|The Reception of Holocaust Research in the World of Psychology|
|Congresses - 2004 Barcelona|
|Written by Joanne Wieland-Burston|
When I chose to present on this subject in Barcelona, I was following up on impressions that I had gained when lecturing to professionals and laymen in different countries: in Germany, Switzerland, Austria, England, France and in the United States. I was surprised to find varying degrees of interest – from a lack of attendants at a seminar in Zurich – to a marked interest and commitment to it in Germany.
Taboos connected with the subject seem to be the norm. The only exclusively interested public I found was in the United States. Elsewhere, more or less conscious complexes of guilt and shame connected with the Shoah seemed to be prevalent, with an accompanying inaccessibility to reason; thus, the difficulty in raising the topic to consciousness.
At the international Congress in Cambridge in 2001, the panel I had proposed on “The Effects of the Nazi Period on People in Psychotherapy Today” drew a large group and strong emotional reactions. Eva Morris and Martine Sandor-Buthaud presented with me. The space and time allotted to our forum on the topic had been quite limited: too many people turned up for the small room that had been assigned to us; the time slot was insufficient. There was obviously more interest the topic than the. organizing committee had imagined.
These diverse experiences prompted my desire to study the question of the reception of Holocaust research in detail. I wanted to try to find a more objective perspective, based on the way other professionals in the field of psychology dealt with the subject. I decided to poll psychological societies and institutes on an international level and drew up a questionnaire, which I sent to Jungian and Freudian societies and institutes in all parts of the world. My results are far from definitive, first of all, because not all institutes and societies which I addressed have responded. Secondly, because I feel it would also be necessary to poll other schools of psychology.
An impressive amount of material has been published on the subject of the Shoah – scientific papers and studies with historical, sociological and psychological, biographical and autobiographical content; but there are comparatively few publications on the subject by Jungians. The literature that I have read on the subject is primarily Freudian. This gap between the Freudian and Jungian worlds has long impressed and disturbed me. Why this is so is also a question I would like to try to answer.
My paper is divided into four parts: first I shall provide some background information on the topic and my interest in it; then I shall explain the questionnaire and the reactions to it, drawing some preliminary conclusions. The third part is devoted to the question of the usefulness of research on the topic. Here I include observations from my analytical practice. In the fourth part I propose some suggestions for future research.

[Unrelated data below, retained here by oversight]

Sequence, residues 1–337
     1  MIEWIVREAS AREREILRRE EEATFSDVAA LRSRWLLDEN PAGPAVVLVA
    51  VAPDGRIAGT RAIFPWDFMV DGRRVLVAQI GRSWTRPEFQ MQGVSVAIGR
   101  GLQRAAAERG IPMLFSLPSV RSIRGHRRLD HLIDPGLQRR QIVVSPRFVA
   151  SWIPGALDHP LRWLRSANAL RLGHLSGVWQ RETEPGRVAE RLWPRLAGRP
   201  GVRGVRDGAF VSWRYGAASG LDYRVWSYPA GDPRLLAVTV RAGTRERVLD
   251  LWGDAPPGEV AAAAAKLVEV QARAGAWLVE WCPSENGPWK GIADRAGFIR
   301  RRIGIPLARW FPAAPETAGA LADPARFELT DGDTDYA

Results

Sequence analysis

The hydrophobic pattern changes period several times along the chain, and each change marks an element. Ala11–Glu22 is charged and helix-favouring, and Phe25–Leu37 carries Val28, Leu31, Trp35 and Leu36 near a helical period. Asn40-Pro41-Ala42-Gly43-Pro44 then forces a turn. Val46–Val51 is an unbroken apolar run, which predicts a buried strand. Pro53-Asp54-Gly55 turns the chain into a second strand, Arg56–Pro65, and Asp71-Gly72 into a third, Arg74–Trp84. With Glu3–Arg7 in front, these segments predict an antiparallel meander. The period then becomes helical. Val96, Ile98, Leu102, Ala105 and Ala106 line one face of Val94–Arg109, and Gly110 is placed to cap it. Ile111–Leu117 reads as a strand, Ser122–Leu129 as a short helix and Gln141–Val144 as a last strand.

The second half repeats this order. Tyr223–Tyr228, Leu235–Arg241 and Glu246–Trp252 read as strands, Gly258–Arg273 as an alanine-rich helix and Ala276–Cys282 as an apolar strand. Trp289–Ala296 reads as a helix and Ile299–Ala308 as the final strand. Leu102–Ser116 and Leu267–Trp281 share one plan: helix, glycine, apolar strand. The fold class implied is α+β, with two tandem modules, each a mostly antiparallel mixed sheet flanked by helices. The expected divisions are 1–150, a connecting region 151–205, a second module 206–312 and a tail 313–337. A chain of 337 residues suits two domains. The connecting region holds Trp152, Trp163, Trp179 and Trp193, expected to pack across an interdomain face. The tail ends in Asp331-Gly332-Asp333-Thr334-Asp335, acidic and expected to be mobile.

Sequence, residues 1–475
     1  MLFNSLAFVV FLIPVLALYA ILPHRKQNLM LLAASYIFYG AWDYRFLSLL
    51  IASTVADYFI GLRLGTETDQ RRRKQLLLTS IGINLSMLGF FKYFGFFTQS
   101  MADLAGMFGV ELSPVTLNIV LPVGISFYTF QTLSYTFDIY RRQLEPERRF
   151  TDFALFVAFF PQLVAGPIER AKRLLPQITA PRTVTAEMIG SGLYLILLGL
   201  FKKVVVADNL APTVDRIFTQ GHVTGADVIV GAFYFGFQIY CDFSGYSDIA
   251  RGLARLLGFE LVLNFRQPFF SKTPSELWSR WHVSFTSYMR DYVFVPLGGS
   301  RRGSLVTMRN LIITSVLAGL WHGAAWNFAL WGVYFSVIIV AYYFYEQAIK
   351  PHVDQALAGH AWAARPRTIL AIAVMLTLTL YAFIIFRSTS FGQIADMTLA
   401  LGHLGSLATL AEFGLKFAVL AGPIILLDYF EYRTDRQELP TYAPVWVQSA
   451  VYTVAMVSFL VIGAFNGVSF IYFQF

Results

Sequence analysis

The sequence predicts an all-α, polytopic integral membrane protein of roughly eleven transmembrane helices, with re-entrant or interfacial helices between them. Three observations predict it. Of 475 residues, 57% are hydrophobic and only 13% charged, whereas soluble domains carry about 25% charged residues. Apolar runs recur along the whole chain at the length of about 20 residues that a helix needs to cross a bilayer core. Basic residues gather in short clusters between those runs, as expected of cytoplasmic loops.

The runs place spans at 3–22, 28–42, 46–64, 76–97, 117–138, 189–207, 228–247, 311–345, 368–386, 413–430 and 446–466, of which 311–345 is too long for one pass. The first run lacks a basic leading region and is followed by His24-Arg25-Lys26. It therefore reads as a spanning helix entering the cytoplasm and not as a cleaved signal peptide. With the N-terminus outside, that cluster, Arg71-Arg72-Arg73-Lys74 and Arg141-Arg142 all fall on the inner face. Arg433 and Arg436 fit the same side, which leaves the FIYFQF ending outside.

I. Background information
The term “Holocaust” is widely used these days to designate that event in history in which the National Socialists in Germany during the time of Adolf Hitler did their best to kill all men, women and children of Jewish descent throughout Europe. The term is a misnomer and a euphemism. Elie Wiesel, who first used this Hebrew term meaning “burnt offering”, has himself voiced regret at its usage: he finds it too convenient and too imprecise. I imagine that the idea of a sacrificial offering which is allowed to burn down completely so that only smoke and ashes remain must have impressed Elie Wiesel, himself a survivor of the camps, who lost his family in smoke and ashes there. But in thinking the image through, we have to ask, “Who did this sacrificing? It was obviously not the Jews themselves, but rather a fanaticized Aryan community who was trying to fulfill the promise of the National Socialist worldview. It is, therefore, absolutely cynical to name this mass murder “the Holocaust”. From now on I shall, therefore, refer to it as the Shoah, the Hebrew word for catastrophe
When I moved to Munich in 1988, after having worked as an analyst in Zurich for ten years, I slowly began to realize that practically all of my clients here were children and grandchildren of survivors, of perpetrators or of what I call “the silent mobilized majority”. I became interested in the question of the effects of the Shoah on these people, the direct descendants of those actors from the past. My interest in the subject was greeted with a lack of understanding by colleagues of various schools: “Oh”, they thought, “They did not have any clients who had been effected by this event”. The fact that anyone whose family had lived here at that time could be affected now was not a topic for discussion. I continued trying to stay aware of this perspective, although, I felt a bit strange and embarrassed and quite hesitant to publicize what I was observing. I then joined a Judith Kestenberg research group on child survivors: psychoanalysts the world over were interviewing people who had survived the Shoah as children.